This fragile printed souvenir was published in London to mark the one year commemoration of the ANZAC landing at Gallipoli. Australians and New Zealanders were raucously welcomed by Londoners and were feted as brave and handsome heroes. The events of the day were reported in a number of British and Australian newspapers and the sentiments expressed about the men who landed at ANZAC Cove one year prior, perhaps perpetuated some of the myths which can still surround the landings at Gallipoli one hundred years on.
A memorial service was held in London on the first anniversary of the landing at Gallipoli. This service was held at Westminster Abbey and the King and Queen were in attendance, along with General Sir William Birdwood who had recently been knighted for his service at Gallipoli. According to The Times, the streets outside the Abbey were ‘thronged by thousands on thousands to whom the appeal of the remembered deeds of April 25, 1915, were irresistible.’ Those who received the most attention were the wounded who had been transported from their hospitals for the day. It was reported that these men were;
‘attended by nurses in grey cloaks with red collars. Many of the soldiers appeared to have almost completely recovered from their wounds. Some, who had lost a leg, came in on crutches; others limped in on sticks. They all looked cheerful and hearty.’
There were also a group of blinded men who attended the service who, ‘bore themselves proudly’. There were over 100 severely wounded men who attended, including one New Zealander, Trooper Geange of the 6th Wellington Mounted Battalion who was lying on pillows in an invalid carriage with a shattered spine. He attracted the King's notice after the service and he shook hands with Trooper Geange and spoke a few words of sympathy with him.
It was reported that just after 10am, a thousand of the Australian troops came swinging over Waterloo Bridge in columns of four towards Westminster Abbey;
‘Fine strong men they were, with bronzed faces. They marched casually but not carelessly, and their body movements suggested above all else health and strength. A great shout of welcome met them as they turned into the Strand … Mingled with the shrill hurrahs of the women and the hoarser greetings of the men came echoing calls of “Coo-ee”. After a few minutes Britishers too tried to give the call, but with only partial success, and most of them came back to the national “hurrah”.’
After the service, more than 2,000 Australian and New Zealand troops marched through the streets of the capital to a rapturous reception from the crowds. It was reported that there were no ‘trappings of military pomp, except the music of martial bands. They carried no rifles; they marched on foot, only the bare khaki of their uniforms showed them for what they were – veterans of the Gallipoli landing, come from Australia and from New Zealand to fight for Great Britain.’
It was reported in Australian newspapers that there was dissatisfaction amongst Australian troops as to who were included in the march. The men of the Light Horse had been chosen to head the procession, while the men of the 3rd, 2nd and 1st Brigades, who were in the original landing, were in the rear of the procession. The newspapers reported that ‘there were many heart-burnings, it is alleged, because the smaller men were not selected, but had to remain in the camps, while the "giants" were included in the procession - some, of whom had never seen the Gallipoli Peninsula.’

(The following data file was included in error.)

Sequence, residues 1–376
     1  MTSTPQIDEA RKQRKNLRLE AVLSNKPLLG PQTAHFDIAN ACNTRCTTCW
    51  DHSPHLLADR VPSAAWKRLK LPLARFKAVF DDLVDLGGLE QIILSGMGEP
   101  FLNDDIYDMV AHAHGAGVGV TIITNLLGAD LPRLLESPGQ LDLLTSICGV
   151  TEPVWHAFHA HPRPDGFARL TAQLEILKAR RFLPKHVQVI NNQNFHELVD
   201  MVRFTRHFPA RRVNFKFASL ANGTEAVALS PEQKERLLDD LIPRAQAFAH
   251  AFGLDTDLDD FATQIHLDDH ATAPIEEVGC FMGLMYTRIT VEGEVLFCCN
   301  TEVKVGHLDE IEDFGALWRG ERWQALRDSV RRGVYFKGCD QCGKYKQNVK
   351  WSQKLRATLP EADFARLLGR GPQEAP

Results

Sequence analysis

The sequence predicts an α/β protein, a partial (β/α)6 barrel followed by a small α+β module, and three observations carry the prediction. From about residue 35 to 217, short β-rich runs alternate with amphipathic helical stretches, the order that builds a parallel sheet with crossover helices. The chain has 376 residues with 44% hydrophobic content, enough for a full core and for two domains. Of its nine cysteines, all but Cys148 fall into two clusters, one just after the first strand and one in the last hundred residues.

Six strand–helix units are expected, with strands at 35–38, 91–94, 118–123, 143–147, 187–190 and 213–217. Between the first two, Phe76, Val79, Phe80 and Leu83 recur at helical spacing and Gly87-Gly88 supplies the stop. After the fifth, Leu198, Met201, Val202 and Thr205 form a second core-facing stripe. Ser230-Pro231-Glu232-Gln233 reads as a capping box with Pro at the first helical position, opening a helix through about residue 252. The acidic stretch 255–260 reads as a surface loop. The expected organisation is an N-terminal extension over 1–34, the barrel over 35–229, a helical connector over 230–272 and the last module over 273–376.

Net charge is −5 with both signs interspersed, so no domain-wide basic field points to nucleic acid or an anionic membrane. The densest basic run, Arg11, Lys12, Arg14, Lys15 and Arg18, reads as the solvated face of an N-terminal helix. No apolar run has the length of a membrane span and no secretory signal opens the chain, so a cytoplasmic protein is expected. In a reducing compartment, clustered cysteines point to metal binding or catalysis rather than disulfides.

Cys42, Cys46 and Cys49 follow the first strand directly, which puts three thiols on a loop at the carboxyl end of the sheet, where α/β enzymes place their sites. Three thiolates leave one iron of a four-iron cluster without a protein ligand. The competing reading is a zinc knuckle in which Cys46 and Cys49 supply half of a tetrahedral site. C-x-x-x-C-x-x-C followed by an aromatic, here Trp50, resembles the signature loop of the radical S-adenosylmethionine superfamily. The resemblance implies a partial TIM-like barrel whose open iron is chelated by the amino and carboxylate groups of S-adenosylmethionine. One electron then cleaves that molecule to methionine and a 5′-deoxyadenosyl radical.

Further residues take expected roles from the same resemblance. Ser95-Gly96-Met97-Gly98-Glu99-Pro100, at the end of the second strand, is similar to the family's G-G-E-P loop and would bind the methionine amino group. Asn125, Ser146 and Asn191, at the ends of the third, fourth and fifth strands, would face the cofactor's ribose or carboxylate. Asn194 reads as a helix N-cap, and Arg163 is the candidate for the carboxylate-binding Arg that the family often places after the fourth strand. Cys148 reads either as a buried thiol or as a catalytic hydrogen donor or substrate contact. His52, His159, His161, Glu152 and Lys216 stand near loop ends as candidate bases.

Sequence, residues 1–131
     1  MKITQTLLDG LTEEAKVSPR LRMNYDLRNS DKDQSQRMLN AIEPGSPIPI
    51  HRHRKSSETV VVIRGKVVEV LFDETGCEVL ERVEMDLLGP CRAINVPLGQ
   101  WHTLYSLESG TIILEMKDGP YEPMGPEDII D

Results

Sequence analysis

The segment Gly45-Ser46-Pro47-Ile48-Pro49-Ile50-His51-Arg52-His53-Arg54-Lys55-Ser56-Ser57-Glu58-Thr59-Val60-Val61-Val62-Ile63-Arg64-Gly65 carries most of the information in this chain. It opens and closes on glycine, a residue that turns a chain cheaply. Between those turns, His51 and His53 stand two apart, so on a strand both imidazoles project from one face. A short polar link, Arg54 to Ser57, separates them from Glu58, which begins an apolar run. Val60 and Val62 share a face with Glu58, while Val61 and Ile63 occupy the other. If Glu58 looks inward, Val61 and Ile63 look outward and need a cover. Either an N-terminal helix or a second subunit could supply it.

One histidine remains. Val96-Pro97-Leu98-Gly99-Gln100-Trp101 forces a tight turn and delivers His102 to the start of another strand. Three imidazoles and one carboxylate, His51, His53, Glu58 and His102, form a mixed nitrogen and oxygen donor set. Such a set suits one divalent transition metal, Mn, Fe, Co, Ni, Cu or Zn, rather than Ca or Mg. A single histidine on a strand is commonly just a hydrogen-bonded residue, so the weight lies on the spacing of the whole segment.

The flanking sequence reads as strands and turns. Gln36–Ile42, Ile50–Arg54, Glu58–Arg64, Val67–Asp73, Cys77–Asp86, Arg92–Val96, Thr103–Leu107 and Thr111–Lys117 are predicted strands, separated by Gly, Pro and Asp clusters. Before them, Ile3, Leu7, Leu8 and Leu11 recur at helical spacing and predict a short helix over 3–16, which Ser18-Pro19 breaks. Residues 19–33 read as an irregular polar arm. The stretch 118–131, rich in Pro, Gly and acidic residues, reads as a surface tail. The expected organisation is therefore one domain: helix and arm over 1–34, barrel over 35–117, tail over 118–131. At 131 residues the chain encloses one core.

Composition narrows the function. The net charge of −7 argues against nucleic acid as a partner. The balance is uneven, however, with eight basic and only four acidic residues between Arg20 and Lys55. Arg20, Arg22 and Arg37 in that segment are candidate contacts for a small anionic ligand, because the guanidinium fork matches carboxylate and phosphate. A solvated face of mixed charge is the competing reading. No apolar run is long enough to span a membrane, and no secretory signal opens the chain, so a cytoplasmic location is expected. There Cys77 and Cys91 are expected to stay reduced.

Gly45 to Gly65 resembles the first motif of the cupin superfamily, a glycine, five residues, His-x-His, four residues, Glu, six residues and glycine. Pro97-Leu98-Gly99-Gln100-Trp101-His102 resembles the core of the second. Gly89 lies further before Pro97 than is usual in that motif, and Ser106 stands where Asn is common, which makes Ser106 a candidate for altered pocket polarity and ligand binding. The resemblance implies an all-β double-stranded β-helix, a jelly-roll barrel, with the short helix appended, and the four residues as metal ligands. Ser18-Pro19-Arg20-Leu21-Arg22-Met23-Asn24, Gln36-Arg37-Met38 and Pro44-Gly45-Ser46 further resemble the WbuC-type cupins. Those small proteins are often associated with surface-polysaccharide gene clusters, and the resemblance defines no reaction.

After the march, the troops were served lunch at the Hotel Cecil where Australian Prime Minister Billy Hughes gave a speech praising the bravery and tenacity of the men who landed at Gallipoli one year prior. Hughes’ language of high patriotism helped cement the mythology around the ANZAC landing;
‘Soldiers, your deeds have won you a place in the Temple of the Immortals. The world has hailed you as heroes. Your comrades of the British Army claim you as brothers in arms, and the citizens of the Empire are proud to call you kinsmen … You have covered yourselves with the glory that does not fade, your names will be handed down in your own native land and become household words.’
After the lunch, the troops attended His Majesty’s Theatre for a matinee performance.
Early on in the war, Australian troops were greeted enthusiastically by Londoners, as evidenced by the 1916 memorial service and march. The ANZACs had made a name for themselves at Gallipoli and their distinctive uniforms, their happy, charming demeanour and the fact they were the best paid troops in the Empire, meant they were very popular in London, particularly with women. By the conclusion of the war, the relationship had become strained. Instances of bad behaviour were reported in British newspapers and in some quarters, Australian soldiers had gained a bad reputation. Likewise, Australian servicemen and women were eager to return home to Australia, having had their fill of cold climates and some five years of grinding war.
This souvenir from the first anniversary of the Anzac landings is currently on display in the Library's Amaze Gallery.
The State Libray will be showing selected items from its First World War collection on 25 April at its Anzac buffet from 1pm to 3pm
The ANZAC tradition: early commemorations, Australian War Memorial website, https://www.awm.gov.au/commemoration/anzac/anzac-tradition/, accessed 5 Feb. 2016.
Public Tribute To Anzacs." Times [London, England] 24 Apr. 1916: 6. The Times Digital Archive. Web. 3 Feb. 2016.
"In Honour Of Anzac." Times [London, England] 26 Apr. 1916: 2. The Times Digital Archive. Web. 3 Feb. 2016.
"Mr.Hughes On Empire." Times [London, England] 26 Apr. 1916: 2. The Times Digital Archive. Web. 3 Feb. 2016.
ANZAC DAY. (1916, April 27). Barrier Miner (Broken Hill, NSW : 1888 - 1954), p. 4. Retrieved February 5, 2016
ANZAC DAY. (1916, April 27). The Sydney Morning Herald (NSW : 1842 - 1954), p. 9.